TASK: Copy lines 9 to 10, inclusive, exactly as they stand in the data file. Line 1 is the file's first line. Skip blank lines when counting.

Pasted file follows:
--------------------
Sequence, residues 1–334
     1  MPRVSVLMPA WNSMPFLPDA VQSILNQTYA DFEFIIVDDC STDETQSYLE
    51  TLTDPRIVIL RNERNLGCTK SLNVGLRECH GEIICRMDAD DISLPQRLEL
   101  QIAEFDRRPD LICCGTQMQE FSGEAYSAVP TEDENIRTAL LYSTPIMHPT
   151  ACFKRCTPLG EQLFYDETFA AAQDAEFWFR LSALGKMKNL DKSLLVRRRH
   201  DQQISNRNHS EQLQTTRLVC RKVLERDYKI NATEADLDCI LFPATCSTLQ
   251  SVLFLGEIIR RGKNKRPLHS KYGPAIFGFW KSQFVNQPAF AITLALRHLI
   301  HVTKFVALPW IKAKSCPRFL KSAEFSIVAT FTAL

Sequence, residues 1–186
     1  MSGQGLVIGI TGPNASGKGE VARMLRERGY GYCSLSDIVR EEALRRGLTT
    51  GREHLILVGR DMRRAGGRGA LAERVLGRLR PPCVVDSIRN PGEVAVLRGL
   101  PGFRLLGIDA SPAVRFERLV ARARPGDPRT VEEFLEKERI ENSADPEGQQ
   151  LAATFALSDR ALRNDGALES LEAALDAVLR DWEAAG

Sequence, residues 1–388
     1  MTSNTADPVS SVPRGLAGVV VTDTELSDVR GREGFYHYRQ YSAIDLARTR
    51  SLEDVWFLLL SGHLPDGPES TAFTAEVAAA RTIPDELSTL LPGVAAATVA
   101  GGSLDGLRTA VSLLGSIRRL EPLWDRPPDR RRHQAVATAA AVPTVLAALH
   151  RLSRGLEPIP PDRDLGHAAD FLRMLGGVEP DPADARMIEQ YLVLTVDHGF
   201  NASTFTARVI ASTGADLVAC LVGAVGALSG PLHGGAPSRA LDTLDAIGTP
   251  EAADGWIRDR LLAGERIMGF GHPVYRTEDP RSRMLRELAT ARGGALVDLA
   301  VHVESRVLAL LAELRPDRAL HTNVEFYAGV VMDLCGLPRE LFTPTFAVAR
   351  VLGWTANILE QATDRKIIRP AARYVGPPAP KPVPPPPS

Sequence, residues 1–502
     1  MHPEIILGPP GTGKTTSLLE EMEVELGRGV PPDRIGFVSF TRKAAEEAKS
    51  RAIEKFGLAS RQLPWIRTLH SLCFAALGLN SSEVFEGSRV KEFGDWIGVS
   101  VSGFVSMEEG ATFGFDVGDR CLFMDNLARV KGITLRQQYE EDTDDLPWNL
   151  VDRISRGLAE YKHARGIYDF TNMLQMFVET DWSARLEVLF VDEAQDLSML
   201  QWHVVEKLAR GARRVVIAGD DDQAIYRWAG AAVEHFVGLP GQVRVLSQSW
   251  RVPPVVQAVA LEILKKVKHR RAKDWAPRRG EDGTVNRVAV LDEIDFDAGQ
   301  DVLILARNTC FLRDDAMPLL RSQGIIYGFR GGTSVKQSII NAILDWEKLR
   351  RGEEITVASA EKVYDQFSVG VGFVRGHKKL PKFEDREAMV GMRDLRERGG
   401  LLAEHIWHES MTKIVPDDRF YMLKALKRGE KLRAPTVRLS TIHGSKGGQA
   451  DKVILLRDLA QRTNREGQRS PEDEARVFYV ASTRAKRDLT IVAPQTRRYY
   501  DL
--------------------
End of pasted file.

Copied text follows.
Sequence, residues 1–186
     1  MSGQGLVIGI TGPNASGKGE VARMLRERGY GYCSLSDIVR EEALRRGLTT